Do you have a COVID-19 back-up plan ready for your farm?

In a recent survey from Farm Market iD with farmers, 7 in 10 farmers do not have a backup operating plan if they contract the virus.

As we head into planting and then summer, it’s important to do some scenario planning and come up with a backup plan in the case that you, a family member or business partner contracts COVID-19.

Granular customer Matt Wallington from Hanover Ridge Farms in Saskatchewan, Canada explains why he has worked the past few weeks to develop COVID-19 protocols.

Granular customer CY Farms in New York shares how they're handling team meetings while also practicing social distancing on the farm.

“Farms rely on key employees to get the processes completed at critical times of the year. COVID-19 has forced me to think about scenarios if one or all of our farm’s key employees were to become sick or isolated and unable to work. We have collaborated with neighboring farms to put together protocol to do everything in our power to ensure the virus doesn’t enter our farm during the critical season and if it does, how to limit its impact.

Wallington said one specific tip that seems to be working well is having one designated person run to town for errands. The rest of the team then coordinates all daily pick-ups and drops-offs with that person.

CY Farms LLC, based in Elba, New York and also a Granular customer recently posted on social media how they are reconsidering their plan of attack for spring fieldwork, as well as incorporating safe distancing during their daily work meetings.

Top things to keep in mind when creating a COVID-19 plan for your farm:

Prevention protocols

Require personal guidelines for maintaining proper precautions both on the farm and off the farm (at home)
  • hand washing/sanitizing
  • cover cough/sneeze with inside of elbow
  • social distancing (staying at least 6 feet apart)
  • limiting trips to town/large crowds of people
Daily self health assessments – stay home if you have any cold symptoms, shortness of breath or any sign of fever
Frequent cleaning or sanitizing of commonly touched spaces
  • Equip vehicles, machinery and works spaces with sanitation wipes
  • Limit frequently switching vehicles between individuals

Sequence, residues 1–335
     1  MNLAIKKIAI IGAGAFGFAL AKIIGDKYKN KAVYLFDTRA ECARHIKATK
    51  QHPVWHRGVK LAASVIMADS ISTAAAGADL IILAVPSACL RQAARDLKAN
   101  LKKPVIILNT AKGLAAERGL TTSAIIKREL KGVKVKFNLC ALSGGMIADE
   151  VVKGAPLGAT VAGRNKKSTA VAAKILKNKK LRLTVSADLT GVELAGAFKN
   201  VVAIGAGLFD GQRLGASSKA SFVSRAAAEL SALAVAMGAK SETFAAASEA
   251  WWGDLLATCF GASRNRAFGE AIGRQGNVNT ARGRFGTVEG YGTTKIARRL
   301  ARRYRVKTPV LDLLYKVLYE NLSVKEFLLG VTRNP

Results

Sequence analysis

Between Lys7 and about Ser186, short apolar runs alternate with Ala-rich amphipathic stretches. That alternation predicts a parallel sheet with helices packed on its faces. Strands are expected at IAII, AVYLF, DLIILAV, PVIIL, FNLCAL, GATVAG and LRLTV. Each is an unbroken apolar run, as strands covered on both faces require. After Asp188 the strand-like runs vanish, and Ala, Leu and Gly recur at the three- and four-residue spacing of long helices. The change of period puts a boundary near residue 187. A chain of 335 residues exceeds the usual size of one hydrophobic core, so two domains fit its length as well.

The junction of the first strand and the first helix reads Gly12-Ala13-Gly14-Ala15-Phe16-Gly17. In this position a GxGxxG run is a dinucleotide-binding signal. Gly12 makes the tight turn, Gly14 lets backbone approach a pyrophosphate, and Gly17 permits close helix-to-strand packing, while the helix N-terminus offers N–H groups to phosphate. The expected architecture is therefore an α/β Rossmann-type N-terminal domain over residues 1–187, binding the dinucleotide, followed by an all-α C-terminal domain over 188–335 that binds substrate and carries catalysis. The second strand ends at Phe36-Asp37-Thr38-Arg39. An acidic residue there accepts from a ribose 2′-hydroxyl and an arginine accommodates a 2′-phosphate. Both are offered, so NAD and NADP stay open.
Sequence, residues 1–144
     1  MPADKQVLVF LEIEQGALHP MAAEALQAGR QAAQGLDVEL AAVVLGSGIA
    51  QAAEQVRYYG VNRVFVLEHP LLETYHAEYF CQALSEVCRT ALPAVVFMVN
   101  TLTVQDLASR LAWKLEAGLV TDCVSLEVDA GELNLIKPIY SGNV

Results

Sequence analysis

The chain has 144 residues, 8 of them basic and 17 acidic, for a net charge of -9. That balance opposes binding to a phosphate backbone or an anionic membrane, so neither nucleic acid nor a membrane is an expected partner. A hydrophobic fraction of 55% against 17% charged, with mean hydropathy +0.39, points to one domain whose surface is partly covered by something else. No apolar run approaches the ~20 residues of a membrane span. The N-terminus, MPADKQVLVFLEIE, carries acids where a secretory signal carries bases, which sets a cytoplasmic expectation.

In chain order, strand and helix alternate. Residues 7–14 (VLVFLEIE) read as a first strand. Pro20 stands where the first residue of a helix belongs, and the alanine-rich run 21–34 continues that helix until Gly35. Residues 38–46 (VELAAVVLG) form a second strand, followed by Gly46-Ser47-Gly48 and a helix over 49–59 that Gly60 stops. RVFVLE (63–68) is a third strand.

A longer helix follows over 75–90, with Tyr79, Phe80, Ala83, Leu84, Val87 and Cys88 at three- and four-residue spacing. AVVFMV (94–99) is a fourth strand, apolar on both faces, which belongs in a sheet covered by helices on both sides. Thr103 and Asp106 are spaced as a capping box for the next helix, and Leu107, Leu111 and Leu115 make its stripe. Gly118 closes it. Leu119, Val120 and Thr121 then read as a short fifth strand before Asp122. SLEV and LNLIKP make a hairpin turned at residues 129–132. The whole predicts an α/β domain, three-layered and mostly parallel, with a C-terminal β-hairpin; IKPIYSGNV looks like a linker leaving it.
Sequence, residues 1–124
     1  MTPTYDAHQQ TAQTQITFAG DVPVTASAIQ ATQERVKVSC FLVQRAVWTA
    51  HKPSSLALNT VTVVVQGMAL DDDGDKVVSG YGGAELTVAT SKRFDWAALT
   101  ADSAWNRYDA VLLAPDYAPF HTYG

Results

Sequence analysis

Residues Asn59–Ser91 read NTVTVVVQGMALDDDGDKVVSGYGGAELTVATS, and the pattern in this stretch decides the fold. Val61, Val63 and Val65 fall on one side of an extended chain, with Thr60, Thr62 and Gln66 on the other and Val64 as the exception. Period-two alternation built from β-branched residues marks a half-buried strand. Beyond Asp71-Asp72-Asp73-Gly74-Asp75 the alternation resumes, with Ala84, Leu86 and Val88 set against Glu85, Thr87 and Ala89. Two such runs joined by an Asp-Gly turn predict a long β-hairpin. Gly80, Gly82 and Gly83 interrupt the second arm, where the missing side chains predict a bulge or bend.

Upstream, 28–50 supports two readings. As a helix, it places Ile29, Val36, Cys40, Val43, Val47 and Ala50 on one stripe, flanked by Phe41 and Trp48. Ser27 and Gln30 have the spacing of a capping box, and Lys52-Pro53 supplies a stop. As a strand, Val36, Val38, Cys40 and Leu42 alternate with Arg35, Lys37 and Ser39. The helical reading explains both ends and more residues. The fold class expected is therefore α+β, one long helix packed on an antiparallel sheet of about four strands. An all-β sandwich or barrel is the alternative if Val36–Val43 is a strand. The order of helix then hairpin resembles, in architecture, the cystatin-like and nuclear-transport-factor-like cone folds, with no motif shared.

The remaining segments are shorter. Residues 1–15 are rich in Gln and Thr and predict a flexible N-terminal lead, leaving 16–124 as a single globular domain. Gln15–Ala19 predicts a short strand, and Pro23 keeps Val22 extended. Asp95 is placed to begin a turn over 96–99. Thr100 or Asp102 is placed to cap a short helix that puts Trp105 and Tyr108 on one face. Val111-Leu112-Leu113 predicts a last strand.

Wear a non-surgical masks when not in your home

Possible changes to roles & responsibilities on the farm

Consider cross-training skills between those working on the farm
  • Be sure multiple individuals know how to run key equipment and machines
  • Consider involving a second or third person in decision making plans for the next 30 – 90 days
    • Share key contact information of business partners
    • Document decisions as they are made (i.e. inputs contracted, etc.)
  • Outline who will need to step into roles, and what those roles would be
    • For example: identify who will drive decisions in the absence of the typical decision maker
Reach out to neighbors/family members/community members who can serve as a back-up
  • Communicate what would be needed/expected in the case they would need to step in and help during critical windows (i.e. planting)
Consider creating a group text message or phone tree to keep everyone involved in daily communications and updates

Limiting traffic in and out of your farming operation

Utilize virtual meetings with vendors and suppliers
If hauling/delivering grain: don’t get out of your truck
Ensure that those hauling chemicals are keeping safe with proper precautions
Organize safe seed/fertilizer/chem delivery or pick up
  • Consider getting it earlier to minimize concerns about access
Leave materials brought to the farm in your shop or shed for 48 hours or sanitize before using

Granular is committed to helping farmers during these trying times. We are happy to meet with you as you develop your COVID-19 backup plan. Contact us at 888-435-4726.

Additional COVID-19 Resources:

The CDC has outlined Interim Guidance for Businesses and Employers to Plan and Respond to Coronavirus Disease 2019 (COVID-19) as well as how to Get Your Home Ready that provide great guidelines for us to consider. It is also important to stay up to date with your local COVID-19 guidelines.

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